Image: Fox / TMDB

Why I’m thrilled by the return of Kitchen Nightmares

With the writers’ strike in the news, it was almost inevitable that networks would respond in their usual way – greenlighting an absolute turn of reality TV. Now, reality TV is not my kind of thing at all, but among the schedule, I saw one name that was like music to my ears – the return of Gordon Ramsay and his Kitchen Nightmares. It’s a fantastic show, overproduced within an inch of its life and all the better for it, yet still boasting a surprising amount of energy and heart. There’s a huge audience for it, and it’s great to hear that Ramsay’s work is still not done.

The formulaic nature was perfectly designed to evoke as much drama as possible

 The show ran for five series and a few specials in the UK, but it was the US version that has truly become a thing of legend. For seven years, Ramsay went around America, spending a week with failing restaurants and trying to help turn things around. What this typically meant in practice (almost invariably, given the show’s adherence to formula) was Ramsay sampling a meal and finding all the food to be dreadful, butting heads with an owner who refuses to believe they could be doing anything wrong, watching a dinner service collapse, finally making a breakthrough about the need for change, doing up the restaurant and then observing a largely successful dinner service that always sees one last bump on the road.

 The formulaic nature was perfectly designed to evoke as much drama as possible, and even among those similar patterns, characters emerged and swiftly became infamous. Joe Nagy, the Mill Street Bistro owner who saw every bit of criticism as a desire to start a fight. Dillon’s, one of the dirtiest restaurants you could imagine. The meme-worthy Nino (the show’s social media has run with it for years). And all of that pales into the background when faced with the absolute batsh*t insanity that was the legendary Amy’s Baking Company.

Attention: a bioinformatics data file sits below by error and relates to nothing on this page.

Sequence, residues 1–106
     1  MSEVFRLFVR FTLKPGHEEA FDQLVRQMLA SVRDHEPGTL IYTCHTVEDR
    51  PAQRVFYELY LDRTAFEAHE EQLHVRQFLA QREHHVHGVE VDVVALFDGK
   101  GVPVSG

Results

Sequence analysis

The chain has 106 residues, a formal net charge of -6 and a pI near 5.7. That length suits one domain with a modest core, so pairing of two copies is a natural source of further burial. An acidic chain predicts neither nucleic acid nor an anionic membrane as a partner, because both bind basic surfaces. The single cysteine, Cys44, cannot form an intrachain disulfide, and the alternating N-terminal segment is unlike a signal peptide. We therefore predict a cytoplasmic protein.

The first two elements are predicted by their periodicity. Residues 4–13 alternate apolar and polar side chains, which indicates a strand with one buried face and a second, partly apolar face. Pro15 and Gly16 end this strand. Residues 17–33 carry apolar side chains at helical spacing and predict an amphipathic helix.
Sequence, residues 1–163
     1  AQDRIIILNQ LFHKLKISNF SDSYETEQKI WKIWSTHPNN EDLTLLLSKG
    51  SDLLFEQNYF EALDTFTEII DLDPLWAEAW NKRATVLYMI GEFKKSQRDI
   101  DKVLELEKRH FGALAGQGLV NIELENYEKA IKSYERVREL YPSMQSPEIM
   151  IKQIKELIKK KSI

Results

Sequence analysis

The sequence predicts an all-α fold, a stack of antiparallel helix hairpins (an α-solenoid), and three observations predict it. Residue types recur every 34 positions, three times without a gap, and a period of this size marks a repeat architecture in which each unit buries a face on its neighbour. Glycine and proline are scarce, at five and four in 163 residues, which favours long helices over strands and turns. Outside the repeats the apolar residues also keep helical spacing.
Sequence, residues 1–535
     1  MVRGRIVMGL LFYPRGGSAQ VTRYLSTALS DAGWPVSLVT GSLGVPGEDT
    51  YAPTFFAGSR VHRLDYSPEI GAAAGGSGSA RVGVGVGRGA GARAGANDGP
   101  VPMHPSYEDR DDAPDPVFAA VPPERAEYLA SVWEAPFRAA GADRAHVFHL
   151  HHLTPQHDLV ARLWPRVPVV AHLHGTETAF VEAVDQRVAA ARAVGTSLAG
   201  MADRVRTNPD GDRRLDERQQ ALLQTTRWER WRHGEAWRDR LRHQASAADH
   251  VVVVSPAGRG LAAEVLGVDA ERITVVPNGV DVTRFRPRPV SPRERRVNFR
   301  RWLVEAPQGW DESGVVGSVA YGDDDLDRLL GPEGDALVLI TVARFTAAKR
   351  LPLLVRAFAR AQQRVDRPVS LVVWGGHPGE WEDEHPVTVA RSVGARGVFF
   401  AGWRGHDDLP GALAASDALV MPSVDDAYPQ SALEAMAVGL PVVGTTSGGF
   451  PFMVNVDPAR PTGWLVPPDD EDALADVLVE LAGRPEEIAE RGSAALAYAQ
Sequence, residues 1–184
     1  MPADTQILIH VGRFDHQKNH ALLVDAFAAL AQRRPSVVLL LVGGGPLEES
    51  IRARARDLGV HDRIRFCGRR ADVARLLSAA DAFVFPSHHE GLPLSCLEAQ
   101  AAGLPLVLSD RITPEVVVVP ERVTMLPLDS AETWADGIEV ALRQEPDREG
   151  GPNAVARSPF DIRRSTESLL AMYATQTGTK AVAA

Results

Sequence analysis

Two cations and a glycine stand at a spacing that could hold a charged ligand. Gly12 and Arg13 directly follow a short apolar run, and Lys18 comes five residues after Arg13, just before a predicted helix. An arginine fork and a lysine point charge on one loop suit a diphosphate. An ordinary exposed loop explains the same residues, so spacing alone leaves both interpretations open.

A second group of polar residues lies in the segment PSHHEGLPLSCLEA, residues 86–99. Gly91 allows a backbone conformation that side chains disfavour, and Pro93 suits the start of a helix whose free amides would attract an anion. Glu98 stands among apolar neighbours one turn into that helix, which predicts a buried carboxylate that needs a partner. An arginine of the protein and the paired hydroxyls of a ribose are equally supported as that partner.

The story … of a fundamentally kind man who genuinely wants to help

 Often, your response to the things you see is stunned disbelief. It still baffles my mind that the owners can look at dirty kitchens, expired and rotting food, hideous décor and a myriad of other problems, and be confused by them. Ramsay has the patience of a saint, I tell you – people ask him to come to explain why things are going wrong at the restaurant, and when he answers them and refuses to take excuses, they attack. It’s confusing to think about, but it makes for superb television.

 Ramsay developed a reputation for a foul mouth and a fiery temper, and it certainly is deployed here, but – and this is the key thing – only when it has to be, when there’s no other way of getting through to pig-headed owners and chefs. As cheesy as the words that fade in and out of the main credits are (‘drama’, ‘shutdown’, ‘emotion’), they do tell the story, one of a fundamentally kind man who genuinely wants to help. It’s sweet to see him joking with the customers and respecting the staff, and trying to help resolve emotional problems when he can.

The show is about winners and heroes as much as it is the pantomime villains

 It’s not always a show about bluster, despite its reputation, but rather about solving the problem facing the restaurant in whatever way Ramsay can. This may be couples falling apart under the pressure, families falling out, people struggling with addiction – I love those human moments, which make the show for me. One of my favourite episodes, ‘Zocalo’, sees Ramsay try and help a good man called Greg who is working every hour of the day to keep a restaurant afloat while his family and his wife essentially sit idly by. Ramsay’s attitude in this episode is truly golden, and ‘Zocalo’ demonstrates that the show is about winners and heroes as much as it is the pantomime villains.

 A teaser trailer for the eighth season has dropped on TikTok, and we can already see some of the old highlights somehow still being issues – Ramsay using his bare hands to find rotting food in storage, raw food kept with cooked food, and owners look on in seeming confusion. It’s a show that knows what works, from that brilliant violin noise of drama to the frequent shutting down of the kitchen, and I’m sure it will continue to work on Ramsay’s return. The chef’s presence on our screens is a very welcome one, although I dread to imagine what nightmares will have manifested in his absence.


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